Publications by authors named "Salvatore Sciacchitano"

41 Publications

H-Ras gene takes part to the host immune response to COVID-19.

Cell Death Discov 2021 Jun 25;7(1):158. Epub 2021 Jun 25.

Medical Oncology Sant'Andrea Hospital, University La Sapienza, via di Grottarossa 1035-1039, 00189, Rome, Italy.

Ras gene family members play a relevant role in cancer, especially when they are mutated. However, they may play additional roles in other conditions beside cancer. We performed gene expression analysis using the NanoString PanCancer IO 360 panel in the peripheral blood mononuclear cell (PBMC) of six COVID-19 patients and we found that H-Ras gene was significantly upregulated, while both K-Ras and N-Ras genes were downregulated. In particular, H-Ras gene upregulation was more evident in COVID-19 patients with a more severe disease. We compared our results with those obtained by analyzing two different and independent datasets, including a total of 53 COVID-19 patients, in which the gene expression analysis was performed using the Immunology_V2 panel. Comparative analysis of the H-Ras gene expression in these patients confirmed our preliminary results. In both of them, in fact, we were able to confirm the upregulation of the expression of the H-Ras gene. The exact role of this specific upregulation of the H-Ras gene in response to SARS-CoV-2 infection and its possible role in cancer still remains to be elucidated. In conclusion, H-Ras gene participates to the host immune response to SARS-CoV-2 virus infection, especially in patients affected by the most severe form of the COVID-19.
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http://dx.doi.org/10.1038/s41420-021-00541-wDOI Listing
http://www.ncbi.nlm.nih.gov/pmc/articles/PMC8256395PMC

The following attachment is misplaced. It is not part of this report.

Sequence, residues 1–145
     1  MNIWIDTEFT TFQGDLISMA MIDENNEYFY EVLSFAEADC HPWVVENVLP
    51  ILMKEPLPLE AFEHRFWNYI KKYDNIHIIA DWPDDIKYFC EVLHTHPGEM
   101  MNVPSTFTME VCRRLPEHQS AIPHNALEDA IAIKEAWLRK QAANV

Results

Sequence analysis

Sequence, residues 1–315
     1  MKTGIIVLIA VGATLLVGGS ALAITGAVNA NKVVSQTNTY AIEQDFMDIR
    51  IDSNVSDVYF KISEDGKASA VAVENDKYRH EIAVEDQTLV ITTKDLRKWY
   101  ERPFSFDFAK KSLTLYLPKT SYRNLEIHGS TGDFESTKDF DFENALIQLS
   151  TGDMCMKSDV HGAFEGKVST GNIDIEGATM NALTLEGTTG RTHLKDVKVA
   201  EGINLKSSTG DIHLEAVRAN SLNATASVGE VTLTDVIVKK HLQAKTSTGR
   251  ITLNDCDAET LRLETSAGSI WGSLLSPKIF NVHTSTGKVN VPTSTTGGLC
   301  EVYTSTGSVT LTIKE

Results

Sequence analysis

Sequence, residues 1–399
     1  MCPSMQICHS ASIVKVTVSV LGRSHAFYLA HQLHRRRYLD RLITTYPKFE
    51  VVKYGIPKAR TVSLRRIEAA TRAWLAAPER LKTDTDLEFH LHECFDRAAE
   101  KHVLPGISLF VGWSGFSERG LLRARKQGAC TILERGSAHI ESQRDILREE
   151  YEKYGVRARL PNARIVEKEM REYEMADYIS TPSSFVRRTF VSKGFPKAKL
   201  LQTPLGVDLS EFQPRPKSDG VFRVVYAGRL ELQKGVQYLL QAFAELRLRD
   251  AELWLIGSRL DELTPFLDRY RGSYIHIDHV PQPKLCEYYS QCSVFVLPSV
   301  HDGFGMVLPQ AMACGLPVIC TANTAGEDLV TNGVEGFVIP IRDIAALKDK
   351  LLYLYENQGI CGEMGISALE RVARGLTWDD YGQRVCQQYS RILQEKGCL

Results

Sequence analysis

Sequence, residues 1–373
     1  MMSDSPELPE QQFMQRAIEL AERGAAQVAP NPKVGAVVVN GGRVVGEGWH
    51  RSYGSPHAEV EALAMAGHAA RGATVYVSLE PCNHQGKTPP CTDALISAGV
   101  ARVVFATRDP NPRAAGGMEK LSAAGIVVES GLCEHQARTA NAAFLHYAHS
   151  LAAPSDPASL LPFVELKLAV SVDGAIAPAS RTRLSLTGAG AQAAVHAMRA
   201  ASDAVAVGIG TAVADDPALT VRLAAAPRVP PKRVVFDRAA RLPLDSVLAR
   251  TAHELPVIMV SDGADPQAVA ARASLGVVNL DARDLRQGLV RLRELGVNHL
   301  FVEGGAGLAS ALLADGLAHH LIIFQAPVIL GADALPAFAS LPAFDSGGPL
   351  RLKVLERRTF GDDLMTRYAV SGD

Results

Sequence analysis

June 2021

Generation and characterization of the human induced pluripotent stem cell (hiPSC) line NCUFi001-A from a patient carrying KCNQ1 G314S mutation.

Stem Cell Res 2021 Jul 5;54:102418. Epub 2021 Jun 5.

Laboratory of Biomedical Research, Niccolò Cusano University Foundation, Via Don Carlo Gnocchi 3, 00166 Rome, Italy; Medical Genetics Unit, Tor Vergata University Hospital, PTV, Viale Montpellier 1, 00133 Rome, Italy.

In this study we describe the generation and characterization of an human induced pluripotent stem cell (hiPSC) line from a long QT syndrome type 1 (LQT1) patient carrying the KCNQ1 c.940 G > A (p.Gly314Ser) mutation. This patient-specific iPSC line has been obtained by using non-integrational Sendai reprogramming method, expresses pluripotency markers and has the capacity to differentiate into the three germ layers and into spontaneously beating cardiomyocytes (iPSC-CMs).
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http://dx.doi.org/10.1016/j.scr.2021.102418DOI Listing
July 2021

Interleukin‑6 signalling as a valuable cornerstone for molecular medicine (Review).

Int J Mol Med 2021 Jun 28;47(6). Epub 2021 Apr 28.

Department of Biomedical and Dental Sciences and Morphofunctional Imaging, Policlinico Universitario, I‑98125 Messina, Italy.

The biological abilities of interleukin‑6 (IL‑6) have been under investigation for nearly 40 years. IL‑6 works through an interaction with the complex peptide IL‑6 receptor (IL‑6R). IL‑6 is built with four α‑chain nanostructures, while two different chains, IL‑6Rα (gp80) and gp130/IL6β (gp130), are included in IL‑6R. The three‑dimensional shapes of the six chains composing the IL‑6/IL‑6R complex are the basis for the nanomolecular roles of IL‑6 signalling. Genes, pseudogenes and competitive endogenous RNAs of IL‑6 have been identified. In the present review, the roles played by miRNA in the post‑transcriptional regulation of IL‑6 expression are evaluated. mRNAs are absorbed via the 'sponge' effect to dynamically balance mRNA levels and this has been assessed with regard to IL‑6 transcription efficiency. According to current knowledge on molecular and nanomolecular structures involved in active IL‑6 signalling, two different IL‑6 models have been proposed. IL‑6 mainly has functions in inflammatory processes, as well as in cognitive activities. Furthermore, the abnormal production of IL‑6 has been found in patients with severe acute respiratory syndrome coronavirus 2 (SARS‑CoV‑2; also known as COVID‑19). In the present review, both inflammatory and cognitive IL‑6 models were analysed by evaluating the cytological and histological locations of IL‑6 signalling. The goal of this review was to illustrate the roles of the classic and trans‑signalling IL‑6 pathways in endocrine glands such as the thyroid and in the central nervous system. Specifically, autoimmune thyroid diseases, disorders of cognitive processes and SARS‑CoV‑2 virus infection have been examined to determine the contribution of IL‑6 to these disease states.